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Regarding recently published article on Safety and Efficacy of Aminolevulinic Acid 10% Topical Gel versus Aminolevulinic Acid 20% Topical Solution Followed by Blue-light Photodynamic Therapy for Treatment of Actinic Keratosis

Dear Editor:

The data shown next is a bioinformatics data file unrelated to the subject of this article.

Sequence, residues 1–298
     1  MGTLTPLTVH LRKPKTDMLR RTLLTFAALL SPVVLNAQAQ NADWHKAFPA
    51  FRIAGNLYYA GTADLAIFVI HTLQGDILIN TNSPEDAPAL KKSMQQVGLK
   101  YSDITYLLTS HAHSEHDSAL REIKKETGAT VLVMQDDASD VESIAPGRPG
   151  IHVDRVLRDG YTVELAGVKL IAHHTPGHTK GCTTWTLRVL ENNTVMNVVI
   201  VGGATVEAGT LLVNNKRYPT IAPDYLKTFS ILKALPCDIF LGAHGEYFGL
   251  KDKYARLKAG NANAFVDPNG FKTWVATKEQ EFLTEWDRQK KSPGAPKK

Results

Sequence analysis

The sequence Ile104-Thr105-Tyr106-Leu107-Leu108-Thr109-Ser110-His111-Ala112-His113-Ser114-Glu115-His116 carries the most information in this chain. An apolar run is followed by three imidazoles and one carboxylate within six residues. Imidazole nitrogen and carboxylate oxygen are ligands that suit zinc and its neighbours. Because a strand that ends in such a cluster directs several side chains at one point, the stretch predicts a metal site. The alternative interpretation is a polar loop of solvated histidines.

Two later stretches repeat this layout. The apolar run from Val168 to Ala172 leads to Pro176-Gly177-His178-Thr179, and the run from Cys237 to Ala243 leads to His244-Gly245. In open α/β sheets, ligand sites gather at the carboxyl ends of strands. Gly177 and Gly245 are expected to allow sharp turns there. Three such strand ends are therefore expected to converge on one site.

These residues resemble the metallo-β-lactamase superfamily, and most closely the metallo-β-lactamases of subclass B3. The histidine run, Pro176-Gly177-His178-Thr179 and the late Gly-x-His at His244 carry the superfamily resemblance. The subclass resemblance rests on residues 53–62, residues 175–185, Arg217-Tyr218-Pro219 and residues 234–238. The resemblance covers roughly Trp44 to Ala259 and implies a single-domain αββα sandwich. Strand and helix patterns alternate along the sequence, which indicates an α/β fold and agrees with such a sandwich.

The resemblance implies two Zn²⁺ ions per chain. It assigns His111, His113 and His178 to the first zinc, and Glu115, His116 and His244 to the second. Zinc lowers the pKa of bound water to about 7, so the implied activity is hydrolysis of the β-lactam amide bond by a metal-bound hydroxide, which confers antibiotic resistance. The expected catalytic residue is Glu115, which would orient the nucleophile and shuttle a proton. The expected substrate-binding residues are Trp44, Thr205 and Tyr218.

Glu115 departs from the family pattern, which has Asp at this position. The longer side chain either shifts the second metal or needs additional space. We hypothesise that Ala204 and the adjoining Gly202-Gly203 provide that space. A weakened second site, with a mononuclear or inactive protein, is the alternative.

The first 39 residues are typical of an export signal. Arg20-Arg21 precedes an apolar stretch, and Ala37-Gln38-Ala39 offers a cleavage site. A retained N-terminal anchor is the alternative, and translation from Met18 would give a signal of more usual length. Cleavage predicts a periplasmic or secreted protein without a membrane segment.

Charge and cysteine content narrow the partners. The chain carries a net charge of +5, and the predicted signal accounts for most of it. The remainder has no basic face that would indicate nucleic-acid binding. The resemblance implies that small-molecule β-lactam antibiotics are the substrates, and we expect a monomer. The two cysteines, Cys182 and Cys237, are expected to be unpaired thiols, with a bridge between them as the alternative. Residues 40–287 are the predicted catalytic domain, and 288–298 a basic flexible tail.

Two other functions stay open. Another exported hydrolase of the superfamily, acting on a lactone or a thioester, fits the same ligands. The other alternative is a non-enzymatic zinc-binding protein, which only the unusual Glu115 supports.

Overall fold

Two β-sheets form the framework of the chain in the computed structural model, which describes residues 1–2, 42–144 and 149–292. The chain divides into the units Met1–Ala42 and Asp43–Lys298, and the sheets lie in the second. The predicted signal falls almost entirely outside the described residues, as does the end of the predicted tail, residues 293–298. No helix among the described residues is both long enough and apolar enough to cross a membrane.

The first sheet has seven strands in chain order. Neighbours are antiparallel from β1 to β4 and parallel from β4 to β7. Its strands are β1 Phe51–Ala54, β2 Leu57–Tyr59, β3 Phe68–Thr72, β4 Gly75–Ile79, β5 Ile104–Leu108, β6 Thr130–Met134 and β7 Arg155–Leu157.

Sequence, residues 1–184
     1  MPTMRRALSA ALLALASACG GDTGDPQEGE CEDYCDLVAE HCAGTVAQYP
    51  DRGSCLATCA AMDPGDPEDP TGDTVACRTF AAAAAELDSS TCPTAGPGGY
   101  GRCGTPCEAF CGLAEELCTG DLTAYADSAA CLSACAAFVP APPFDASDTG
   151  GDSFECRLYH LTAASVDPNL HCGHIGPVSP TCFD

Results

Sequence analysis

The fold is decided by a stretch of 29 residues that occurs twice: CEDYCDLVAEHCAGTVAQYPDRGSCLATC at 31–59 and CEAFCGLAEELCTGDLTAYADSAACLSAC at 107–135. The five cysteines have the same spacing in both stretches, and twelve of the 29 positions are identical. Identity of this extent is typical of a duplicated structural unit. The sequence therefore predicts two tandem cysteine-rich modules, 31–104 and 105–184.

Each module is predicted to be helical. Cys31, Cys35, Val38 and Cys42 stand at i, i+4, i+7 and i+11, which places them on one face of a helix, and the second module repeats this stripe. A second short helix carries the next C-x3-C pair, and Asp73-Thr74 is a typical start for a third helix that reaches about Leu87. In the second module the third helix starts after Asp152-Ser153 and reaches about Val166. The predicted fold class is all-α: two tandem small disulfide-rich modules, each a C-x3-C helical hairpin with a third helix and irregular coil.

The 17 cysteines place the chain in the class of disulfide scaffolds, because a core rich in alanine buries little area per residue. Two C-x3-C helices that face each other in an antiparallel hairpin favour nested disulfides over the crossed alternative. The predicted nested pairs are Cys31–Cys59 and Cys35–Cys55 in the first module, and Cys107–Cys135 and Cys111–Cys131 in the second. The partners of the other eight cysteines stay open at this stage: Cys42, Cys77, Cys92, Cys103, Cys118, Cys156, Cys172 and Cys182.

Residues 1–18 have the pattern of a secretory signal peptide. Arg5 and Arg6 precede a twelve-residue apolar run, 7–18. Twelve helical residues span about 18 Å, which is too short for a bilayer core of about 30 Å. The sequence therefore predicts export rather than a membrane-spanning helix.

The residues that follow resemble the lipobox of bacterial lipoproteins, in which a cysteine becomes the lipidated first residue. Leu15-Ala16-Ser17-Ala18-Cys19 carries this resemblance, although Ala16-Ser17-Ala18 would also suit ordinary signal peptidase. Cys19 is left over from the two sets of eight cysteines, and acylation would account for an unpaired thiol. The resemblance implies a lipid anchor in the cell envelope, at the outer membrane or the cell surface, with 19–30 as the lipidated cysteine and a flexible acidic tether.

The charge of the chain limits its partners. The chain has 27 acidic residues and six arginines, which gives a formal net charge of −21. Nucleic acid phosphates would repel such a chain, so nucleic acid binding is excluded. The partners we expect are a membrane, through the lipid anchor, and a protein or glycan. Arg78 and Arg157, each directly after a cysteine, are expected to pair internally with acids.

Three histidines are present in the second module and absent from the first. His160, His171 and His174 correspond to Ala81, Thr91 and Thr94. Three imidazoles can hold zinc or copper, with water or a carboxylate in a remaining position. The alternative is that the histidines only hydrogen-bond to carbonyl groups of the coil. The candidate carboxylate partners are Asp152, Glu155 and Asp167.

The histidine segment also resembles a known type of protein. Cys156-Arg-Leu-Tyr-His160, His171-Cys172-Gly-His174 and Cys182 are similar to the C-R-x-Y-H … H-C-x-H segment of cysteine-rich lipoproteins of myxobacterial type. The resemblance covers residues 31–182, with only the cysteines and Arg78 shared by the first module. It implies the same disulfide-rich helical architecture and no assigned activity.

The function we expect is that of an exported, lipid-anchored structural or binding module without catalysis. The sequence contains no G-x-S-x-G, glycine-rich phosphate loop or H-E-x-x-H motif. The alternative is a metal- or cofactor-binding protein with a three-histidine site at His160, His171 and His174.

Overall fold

In their article, “Safety and efficacy of aminolevulinic acid 10% topical gel versus aminolevulinic acid 20% topical solution followed by blue-light photodynamic therapy for the treatment of actinic keratosis on the face and scalp: A randomized, double-blind study,” Nestor et al assessed the response of actinic keratosis (AK) lesions in two 25-cm2 areas of skin in 40 subjects. Topical 5-aminolevulinic acid (ALA) 10% gel (GEL) was applied to one area, and ALA 20% solution (SOL) was applied to the other. After a one-hour incubation period, both areas were exposed to blue light (BLU-U) without prior curettage or occlusion. The authors acknowledged that their study conditions were a departure from labeling indications. Prescribing information for SOL indicates a 14- to 18-hour incubation period after lesional application prior to blue-light exposure, although shorter incubations after broad application have been shown to be effective and well tolerated.2 For GEL, the prescribing information calls for curettage and “roughening” of lesions, as well as occlusion of treated areas for three hours prior to red-light exposure.3 Nestor et al reported that, in an attempt to mimic treatment conditions more typically used in clinical practice, they did not include those steps in their protocol. The authors concluded that, under typical clinical conditions using blue light, the efficacies of GEL and SOL were equivalent and there were significantly more local skin reactions with SOL.